Las Vegas, Butch Harmon, Rio Secco Roll Green Carpet For WAC Golfers

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Image April 30, 2009–First we'll dispense with the hard news: New Mexico State, led by individual champ Travis Reid, won the automatic NCAA Regional bid that goes along with winning the Club Glove WAC Men's Golf Championship. But the real champion might have been the host course, the Rees Jones-designed Rio Secco Golf Club, because everyone involved gave the course, Las Vegas, and the world's number one golf instructor and unofficial host, Butch Harmon, an A+ grade. "First class," said Dave Chaffin, WAC Assistant Commissioner/Communications. "Indescribable, but in a great way," said Utah State Head Coach Dean Johansen, the official host of the tournament.  FINAL RESULTS.

"Every coach and student-athlete I talked to commented that it might have been the best golf experience they have ever had," said Johansen, whose team finished fourth. "It was just a great combination of the golf course and the staff. They made us feel welcome from day one, and in past tournaments, we haven't always had that feeling. I told the student-athletes that in a few years they might not remember their scores, but they will never forget what they experienced this week."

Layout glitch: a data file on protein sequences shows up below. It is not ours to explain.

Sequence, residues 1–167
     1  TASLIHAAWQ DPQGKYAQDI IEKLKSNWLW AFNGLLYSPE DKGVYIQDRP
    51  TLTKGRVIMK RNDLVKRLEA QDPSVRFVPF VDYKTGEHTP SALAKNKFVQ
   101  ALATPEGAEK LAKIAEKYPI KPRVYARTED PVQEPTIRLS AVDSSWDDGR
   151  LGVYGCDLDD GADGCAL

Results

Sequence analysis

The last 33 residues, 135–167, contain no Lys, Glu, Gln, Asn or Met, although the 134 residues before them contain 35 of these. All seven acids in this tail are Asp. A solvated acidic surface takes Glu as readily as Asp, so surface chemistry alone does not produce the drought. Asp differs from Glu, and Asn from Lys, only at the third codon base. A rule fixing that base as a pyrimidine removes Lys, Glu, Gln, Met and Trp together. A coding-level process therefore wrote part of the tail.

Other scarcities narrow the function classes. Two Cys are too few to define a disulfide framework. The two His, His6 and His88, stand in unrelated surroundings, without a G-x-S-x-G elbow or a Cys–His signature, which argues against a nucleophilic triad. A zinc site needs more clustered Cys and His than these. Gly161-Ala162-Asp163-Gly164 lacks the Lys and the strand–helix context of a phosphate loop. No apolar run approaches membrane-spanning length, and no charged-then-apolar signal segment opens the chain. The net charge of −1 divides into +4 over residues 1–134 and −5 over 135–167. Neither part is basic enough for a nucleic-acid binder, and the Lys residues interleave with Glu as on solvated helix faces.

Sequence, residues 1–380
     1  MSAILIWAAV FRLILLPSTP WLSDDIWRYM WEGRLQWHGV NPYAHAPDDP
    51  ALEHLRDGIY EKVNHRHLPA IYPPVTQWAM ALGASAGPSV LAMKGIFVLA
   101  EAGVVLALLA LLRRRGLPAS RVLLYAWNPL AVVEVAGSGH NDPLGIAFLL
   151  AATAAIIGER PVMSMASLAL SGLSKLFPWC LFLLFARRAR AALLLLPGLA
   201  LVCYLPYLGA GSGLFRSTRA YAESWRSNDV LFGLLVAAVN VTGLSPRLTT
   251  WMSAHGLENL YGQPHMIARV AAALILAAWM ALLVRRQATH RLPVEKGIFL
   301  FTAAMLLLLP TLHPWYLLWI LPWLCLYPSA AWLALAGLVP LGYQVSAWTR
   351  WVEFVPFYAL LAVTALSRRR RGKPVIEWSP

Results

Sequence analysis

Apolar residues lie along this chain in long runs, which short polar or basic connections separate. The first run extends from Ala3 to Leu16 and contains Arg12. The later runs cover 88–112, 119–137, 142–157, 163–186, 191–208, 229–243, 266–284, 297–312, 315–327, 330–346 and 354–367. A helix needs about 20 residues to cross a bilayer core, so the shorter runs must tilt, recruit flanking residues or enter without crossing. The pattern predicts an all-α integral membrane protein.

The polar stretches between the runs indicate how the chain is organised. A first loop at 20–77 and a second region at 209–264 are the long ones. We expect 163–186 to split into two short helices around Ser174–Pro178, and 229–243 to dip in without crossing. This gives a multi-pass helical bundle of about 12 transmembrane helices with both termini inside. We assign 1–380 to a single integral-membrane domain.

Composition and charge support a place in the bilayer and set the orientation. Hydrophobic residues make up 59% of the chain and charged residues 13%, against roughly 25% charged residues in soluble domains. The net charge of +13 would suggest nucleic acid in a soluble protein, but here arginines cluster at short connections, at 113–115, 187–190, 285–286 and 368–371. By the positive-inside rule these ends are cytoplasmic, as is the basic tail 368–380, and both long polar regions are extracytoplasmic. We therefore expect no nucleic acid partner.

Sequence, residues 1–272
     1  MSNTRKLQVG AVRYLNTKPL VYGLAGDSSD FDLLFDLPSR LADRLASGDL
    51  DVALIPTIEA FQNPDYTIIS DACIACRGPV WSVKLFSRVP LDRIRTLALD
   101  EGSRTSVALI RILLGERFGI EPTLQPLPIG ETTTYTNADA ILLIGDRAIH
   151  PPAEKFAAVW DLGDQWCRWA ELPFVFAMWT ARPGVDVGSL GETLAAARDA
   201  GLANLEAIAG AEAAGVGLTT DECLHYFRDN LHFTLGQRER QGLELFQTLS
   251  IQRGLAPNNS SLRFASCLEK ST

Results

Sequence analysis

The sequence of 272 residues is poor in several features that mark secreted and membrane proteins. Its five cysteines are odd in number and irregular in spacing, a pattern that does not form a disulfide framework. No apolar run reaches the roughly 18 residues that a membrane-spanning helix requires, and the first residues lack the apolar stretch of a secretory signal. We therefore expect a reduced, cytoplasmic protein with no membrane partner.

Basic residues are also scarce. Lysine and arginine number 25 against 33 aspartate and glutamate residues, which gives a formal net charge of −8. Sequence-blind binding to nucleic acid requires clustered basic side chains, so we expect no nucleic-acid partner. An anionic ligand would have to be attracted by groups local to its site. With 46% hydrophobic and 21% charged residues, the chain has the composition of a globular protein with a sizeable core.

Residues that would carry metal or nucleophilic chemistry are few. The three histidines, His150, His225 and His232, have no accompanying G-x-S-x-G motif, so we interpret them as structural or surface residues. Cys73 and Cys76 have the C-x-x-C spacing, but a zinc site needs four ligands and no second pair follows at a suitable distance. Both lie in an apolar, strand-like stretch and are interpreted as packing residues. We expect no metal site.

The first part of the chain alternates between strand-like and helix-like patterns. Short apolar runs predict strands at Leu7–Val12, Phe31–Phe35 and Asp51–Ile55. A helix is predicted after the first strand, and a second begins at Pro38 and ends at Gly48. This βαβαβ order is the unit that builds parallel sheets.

Harmon, who operates the Butch Harmon School of Golf that is located at Rio Secco Golf Club, made a special appearance at the opening banquet and entertained the players with tales from his legendary career. Following the dinner, he gave the players and coaches a special VIP tour of his school, complete with the viewing of swing videos from many of his current and former students, including Tiger Woods, Natalie Gulbis, and Phil Mickelson, among others. Also in attendance to welcome the players was Gulbis, who spent time chatting and speaking to the players. Gulbis trains with Harmon and his staff, and is a resident of Lake Las Vegas Resort.